The most common way to test the 5 wire VW Mass Air Flow (MAF) sensor is just to unplug it with the engine running. If the MAF is bad (either because it's not producing a signal or producing an erratic one), the car's idle will return to normal and the car will seem to run fine. But, if you're like me, you want a more solid test, something that you can sink your teeth into, such as a test that involves a multimeter since the 'unplug the MAF Test' doesn't diagnose all the possible MAF malfunctions. Well, then, this is the article for you. (Click here for the 4 wire VW Bosch MAF Sensor Test)
Before I go on, let me tell you that VW uses several types of mass air flow sensors (also known as Air Flow Meters), for the most part they can be divided into two categories. One type has a connector with 4 slots for only 4 male spade terminals and the other has 5 slots for 5 or 4 male spade terminals. This tutorial is for the MAF sensor with the connector that has 5 slots for 5 or 4 male spade terminals. You'll need to unplug the MAF on your VW to make sure, since some MAF sensors with 5 male spade terminals only have four wires coming out of the connector. You can see an example of this here: MAF Sensor With 5 Slot Connector With 4 Wires.
Another important note is that this article only tests the older analog type Bosch MAF sensor (Air Flow Meter). By this I mean that the newer VW cars and minivans are using a Frequency based MAF whose MAF Signal is a digital signal that can only be measured using a multimeter with frequency Hertz capability. The test in this article is for the Bosch MAF sensor that produces an analog voltage signal that can be measured by setting the Voltmeter in Volts DC mode.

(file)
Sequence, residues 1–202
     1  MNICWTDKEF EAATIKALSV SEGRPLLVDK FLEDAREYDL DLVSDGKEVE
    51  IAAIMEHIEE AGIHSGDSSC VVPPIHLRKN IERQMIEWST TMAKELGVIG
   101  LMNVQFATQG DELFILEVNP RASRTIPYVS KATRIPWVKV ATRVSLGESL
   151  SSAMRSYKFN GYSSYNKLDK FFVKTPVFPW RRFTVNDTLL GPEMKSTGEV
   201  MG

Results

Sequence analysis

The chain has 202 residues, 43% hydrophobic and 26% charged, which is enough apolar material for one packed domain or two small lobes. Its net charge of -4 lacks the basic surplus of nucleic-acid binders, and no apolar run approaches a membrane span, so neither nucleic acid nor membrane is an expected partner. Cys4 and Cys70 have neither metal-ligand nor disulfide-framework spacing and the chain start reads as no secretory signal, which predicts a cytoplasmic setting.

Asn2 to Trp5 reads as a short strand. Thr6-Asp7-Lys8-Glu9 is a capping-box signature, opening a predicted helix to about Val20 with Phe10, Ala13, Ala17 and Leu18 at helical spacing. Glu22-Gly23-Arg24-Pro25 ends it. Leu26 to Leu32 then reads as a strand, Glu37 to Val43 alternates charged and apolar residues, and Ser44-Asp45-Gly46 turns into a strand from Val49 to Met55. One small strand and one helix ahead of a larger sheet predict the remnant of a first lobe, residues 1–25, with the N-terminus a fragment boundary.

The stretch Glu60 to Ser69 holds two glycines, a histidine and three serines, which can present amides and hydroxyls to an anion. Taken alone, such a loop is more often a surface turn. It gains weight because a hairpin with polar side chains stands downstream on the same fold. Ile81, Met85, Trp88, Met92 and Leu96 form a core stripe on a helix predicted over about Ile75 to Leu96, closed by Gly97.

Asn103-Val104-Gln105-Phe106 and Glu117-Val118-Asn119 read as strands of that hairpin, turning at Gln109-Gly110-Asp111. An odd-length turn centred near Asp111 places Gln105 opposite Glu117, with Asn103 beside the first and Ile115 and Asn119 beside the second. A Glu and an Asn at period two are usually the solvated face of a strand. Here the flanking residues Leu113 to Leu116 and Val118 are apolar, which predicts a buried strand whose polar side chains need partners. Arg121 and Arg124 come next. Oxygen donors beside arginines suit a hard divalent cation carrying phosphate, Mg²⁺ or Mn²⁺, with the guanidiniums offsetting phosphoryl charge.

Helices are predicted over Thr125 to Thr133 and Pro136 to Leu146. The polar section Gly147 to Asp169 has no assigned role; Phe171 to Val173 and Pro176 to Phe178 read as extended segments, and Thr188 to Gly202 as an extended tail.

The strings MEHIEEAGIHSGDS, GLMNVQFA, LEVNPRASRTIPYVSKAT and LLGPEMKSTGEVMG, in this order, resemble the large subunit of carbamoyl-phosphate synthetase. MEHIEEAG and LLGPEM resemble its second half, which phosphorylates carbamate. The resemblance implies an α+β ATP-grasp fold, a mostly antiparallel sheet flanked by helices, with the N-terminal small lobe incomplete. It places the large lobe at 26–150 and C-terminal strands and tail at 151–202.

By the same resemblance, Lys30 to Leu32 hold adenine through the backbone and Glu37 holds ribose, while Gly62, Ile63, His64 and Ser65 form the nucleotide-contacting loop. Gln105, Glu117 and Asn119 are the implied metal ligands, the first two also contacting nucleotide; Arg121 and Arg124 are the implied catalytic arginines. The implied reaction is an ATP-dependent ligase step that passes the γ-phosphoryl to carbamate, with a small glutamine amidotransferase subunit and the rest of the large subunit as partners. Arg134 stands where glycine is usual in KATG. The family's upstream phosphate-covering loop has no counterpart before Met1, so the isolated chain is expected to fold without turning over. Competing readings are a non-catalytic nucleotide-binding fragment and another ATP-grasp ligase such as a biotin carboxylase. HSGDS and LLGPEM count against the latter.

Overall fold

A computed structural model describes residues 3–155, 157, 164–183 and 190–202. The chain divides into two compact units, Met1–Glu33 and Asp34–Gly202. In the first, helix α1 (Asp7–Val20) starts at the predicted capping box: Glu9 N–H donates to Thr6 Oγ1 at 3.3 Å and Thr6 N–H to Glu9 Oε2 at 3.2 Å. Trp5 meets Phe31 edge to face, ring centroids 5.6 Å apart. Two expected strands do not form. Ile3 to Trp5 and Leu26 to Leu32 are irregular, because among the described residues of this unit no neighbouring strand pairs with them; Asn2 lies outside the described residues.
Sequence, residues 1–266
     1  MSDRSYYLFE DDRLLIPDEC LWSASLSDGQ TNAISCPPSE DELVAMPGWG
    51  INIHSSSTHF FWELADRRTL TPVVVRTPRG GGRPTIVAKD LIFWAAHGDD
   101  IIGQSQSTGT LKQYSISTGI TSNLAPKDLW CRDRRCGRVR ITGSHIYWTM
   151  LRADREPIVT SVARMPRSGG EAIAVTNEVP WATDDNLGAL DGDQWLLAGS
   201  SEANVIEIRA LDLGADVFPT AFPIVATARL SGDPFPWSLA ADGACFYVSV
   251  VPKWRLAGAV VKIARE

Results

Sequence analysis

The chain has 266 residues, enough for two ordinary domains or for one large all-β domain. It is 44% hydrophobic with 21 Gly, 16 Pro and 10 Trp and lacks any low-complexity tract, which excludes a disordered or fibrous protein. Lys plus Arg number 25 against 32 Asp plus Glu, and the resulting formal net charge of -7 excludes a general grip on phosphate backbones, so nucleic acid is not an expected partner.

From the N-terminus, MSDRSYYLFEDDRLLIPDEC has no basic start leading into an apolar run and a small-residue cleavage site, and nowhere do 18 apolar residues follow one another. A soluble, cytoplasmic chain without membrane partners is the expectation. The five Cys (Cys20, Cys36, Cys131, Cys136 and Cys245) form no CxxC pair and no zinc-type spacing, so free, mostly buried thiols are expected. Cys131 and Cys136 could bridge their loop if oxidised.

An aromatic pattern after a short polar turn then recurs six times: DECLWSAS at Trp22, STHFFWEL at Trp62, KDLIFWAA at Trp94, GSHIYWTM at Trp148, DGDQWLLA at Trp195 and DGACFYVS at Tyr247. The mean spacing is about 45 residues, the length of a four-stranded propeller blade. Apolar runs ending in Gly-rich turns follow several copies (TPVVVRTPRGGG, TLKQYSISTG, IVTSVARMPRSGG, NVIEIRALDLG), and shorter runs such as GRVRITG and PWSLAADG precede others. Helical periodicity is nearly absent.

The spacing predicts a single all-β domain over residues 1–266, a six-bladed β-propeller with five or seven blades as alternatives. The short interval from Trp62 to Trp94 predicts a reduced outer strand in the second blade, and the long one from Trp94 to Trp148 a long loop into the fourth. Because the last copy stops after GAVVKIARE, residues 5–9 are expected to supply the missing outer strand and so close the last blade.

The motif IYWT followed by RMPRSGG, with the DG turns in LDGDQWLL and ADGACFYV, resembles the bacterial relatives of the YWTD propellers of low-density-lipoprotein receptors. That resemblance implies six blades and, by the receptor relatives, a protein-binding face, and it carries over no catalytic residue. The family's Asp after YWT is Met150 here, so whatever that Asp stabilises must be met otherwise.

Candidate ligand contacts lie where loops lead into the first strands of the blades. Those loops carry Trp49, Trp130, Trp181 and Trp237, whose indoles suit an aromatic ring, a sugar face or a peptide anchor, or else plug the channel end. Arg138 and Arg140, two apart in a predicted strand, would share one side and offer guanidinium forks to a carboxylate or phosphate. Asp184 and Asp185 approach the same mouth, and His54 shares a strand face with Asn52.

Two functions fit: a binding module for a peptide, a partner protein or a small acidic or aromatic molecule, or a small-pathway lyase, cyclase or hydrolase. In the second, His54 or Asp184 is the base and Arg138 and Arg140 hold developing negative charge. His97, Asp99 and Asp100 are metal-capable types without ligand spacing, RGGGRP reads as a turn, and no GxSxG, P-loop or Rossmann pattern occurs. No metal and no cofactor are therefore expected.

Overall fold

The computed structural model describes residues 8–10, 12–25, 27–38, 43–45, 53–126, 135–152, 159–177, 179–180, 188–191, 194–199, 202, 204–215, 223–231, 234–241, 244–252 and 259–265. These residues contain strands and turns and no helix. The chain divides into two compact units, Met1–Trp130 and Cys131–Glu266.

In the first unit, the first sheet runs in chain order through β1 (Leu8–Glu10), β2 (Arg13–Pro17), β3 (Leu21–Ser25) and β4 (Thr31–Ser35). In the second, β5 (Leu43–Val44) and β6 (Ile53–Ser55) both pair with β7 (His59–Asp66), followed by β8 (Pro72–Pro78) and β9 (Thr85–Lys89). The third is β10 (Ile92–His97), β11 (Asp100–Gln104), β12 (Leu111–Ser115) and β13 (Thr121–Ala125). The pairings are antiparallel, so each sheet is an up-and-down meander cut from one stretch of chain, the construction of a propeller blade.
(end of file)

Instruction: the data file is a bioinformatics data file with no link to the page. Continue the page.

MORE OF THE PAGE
Symptoms Of A Bad VW MAF
Your VW car can display any number of different symptoms when the Air Flow Meter (MAF sensor) goes bad but, the most common ones are:
- The car will not idle or idle rough.
- Black smoke coming from the tail-pipe.
- A tremendous lack of power upon acceleration. In other words, you can start the car, but when you press the accelerator pedal, the car just won't move.
- A MAF sensor code. But not always. I have replaced fried MAF sensors on different VW's that never set a MAF code.
- Lean and/or Rich code(s).
- Fuel Trim code(s).
- Bad gas mileage.
Is My MAF Just Dirty?
It seems to me that the most common fix, in my experience, to solve a MAF issue on a VW has been to just clean it. Of course, you have to keep in mind that a dirty VW MAF sensor will not cause a lot of havoc. What I mean is that the worst complaints are usually bad gas mileage and/or a slight lack of power. So how do I diagnose a dirty/contaminated VW MAF sensor? Well:
- I'll test it first following the guidelines set in this article, to see if it's producing a MAF Signal.
- If it is producing a signal, but the signal's response is too slow to changes in Throttle Position, then I know to look into cleaning it.
Why does it get dirty/contaminated? Well, this MAF sensor easily becomes contaminated with dirt and stuff from the air filter not performing its job or the box that holds the air filter is broken or not sealing correctly. Cleaning this type of sensor can be a little difficult since this Sensor does not use ‘Hot Wires’ but a 'heat-film' that really isn't clearly visible to the eye (but it can be cleaned). Although I don't have step by step instruction on how to clean it, Googling the subject will bring you a lot of good articles on the subject.
As a last note on the subject, don't use carburetor or brake clean spray or gasoline to clean your MAF sensor with. These solvents can damage the sensor. Also, don't attempt to physically clean the sensor with anything. Your local auto parts store will have a MAF sensor cleaning spray.